- © 2011 by the Seismological Society of America
It is well known that site effects often contribute to earthquake damage. The first time that site effects during an earthquake were pointed out in India was by MacMurdo (1823) for the 1819 Mw 7.8 earthquake (Figure 1). He wrote in his report, “At Anjar, half of the town, which is situated on low rocky ridges, suffered comparatively nothing; whilst the other half, upon a slope to a plain of springs and swamps, into which the town is drained, was entirely overturned.”
Site effects at Anjar city were noticed again during the 1956 Mw 6.0 Anjar earthquake and also during the 2001 Mw 7.6 earthquake (Figure 1). At the time of the 1956 event, Tandon (1959) noted, “At Anjar, it has already been mentioned earlier that both in 1819 and also in the present earthquake, the eastern portions of the town built on soft ground suffered extensive damage while the western portions built on trap rock foundations escaped with only minor damage.”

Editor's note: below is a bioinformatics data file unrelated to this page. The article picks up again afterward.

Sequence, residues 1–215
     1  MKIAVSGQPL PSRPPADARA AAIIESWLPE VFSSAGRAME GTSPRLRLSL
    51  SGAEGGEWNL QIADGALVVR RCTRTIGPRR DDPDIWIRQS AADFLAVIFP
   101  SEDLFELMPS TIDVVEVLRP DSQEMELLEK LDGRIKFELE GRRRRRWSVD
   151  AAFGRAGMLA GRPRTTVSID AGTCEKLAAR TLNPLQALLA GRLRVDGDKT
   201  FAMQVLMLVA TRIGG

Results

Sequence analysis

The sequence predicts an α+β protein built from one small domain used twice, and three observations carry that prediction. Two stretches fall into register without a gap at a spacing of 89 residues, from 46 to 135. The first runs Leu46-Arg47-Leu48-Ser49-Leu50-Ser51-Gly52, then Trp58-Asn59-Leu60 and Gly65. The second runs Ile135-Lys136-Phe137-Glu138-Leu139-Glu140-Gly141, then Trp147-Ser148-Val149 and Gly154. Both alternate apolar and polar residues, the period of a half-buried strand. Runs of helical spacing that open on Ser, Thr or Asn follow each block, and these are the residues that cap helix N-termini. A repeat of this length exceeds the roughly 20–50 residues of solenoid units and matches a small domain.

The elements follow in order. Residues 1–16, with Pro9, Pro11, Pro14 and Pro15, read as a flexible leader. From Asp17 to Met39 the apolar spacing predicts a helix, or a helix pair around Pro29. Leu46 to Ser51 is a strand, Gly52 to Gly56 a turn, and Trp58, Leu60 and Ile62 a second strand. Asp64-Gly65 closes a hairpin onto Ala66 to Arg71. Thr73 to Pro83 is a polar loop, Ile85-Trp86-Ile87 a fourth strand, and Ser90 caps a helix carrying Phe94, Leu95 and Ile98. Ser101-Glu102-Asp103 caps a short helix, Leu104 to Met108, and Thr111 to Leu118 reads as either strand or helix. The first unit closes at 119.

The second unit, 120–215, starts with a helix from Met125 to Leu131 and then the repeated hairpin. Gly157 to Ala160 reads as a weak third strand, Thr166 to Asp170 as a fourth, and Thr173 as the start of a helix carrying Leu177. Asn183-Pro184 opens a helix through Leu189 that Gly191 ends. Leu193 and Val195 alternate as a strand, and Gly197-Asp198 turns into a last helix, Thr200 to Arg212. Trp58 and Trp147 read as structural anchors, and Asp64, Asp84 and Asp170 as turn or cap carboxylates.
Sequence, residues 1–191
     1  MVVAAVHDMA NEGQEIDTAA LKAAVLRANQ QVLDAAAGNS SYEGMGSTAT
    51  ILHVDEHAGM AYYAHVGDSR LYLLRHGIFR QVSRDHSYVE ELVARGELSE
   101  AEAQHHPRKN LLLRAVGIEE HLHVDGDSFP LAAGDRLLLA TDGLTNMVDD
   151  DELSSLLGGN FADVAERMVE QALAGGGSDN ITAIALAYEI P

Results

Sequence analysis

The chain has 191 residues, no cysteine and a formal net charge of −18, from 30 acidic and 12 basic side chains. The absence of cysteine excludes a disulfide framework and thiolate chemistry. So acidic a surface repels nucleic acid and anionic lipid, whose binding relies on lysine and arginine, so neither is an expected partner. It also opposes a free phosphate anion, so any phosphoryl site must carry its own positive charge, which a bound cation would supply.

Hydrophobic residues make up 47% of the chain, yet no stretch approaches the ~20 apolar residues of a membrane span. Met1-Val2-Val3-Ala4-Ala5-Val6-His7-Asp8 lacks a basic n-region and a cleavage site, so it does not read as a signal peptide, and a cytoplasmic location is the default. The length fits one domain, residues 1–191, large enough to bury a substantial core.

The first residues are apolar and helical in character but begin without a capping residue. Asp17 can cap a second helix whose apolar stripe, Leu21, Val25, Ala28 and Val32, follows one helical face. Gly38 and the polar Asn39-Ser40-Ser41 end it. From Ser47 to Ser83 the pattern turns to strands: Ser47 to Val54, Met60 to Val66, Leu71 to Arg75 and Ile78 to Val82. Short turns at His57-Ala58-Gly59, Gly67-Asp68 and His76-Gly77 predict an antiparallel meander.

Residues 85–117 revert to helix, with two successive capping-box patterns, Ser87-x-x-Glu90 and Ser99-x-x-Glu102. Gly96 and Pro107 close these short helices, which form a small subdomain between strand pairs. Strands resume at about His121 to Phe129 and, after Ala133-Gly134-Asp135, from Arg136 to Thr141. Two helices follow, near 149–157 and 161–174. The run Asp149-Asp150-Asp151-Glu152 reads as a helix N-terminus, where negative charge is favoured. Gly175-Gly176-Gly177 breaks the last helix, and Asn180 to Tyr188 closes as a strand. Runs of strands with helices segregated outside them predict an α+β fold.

Recently, EERI 2002 reported for the 2001 Bhuj earthquake:
...damage was primarily restricted to the five wards (3, 4, 5, 9, and 10) of the old Anjar town. Wards 3, 4, and 10 in old Anjar sustained near total collapse of all buildings. These wards were also damaged during the 1956 Anjar earthquake. Ward 10 is apparently reclaimed from a 300–400 years old pond. Wards 5 and 9 sustained lower level of damages in both this earthquake and the 1956 event...
as shown in Figure 2. In this article, we use high-resolution satellite imagery (GSDMA 2008) to categorize Anjar city into three types of scenarios: severely damaged, less damaged, and undamaged (Figure 3) as a result of the 2001 earthquake. The severely damaged area is clearly shown in the eastern part of old Anjar city (Figure 3 …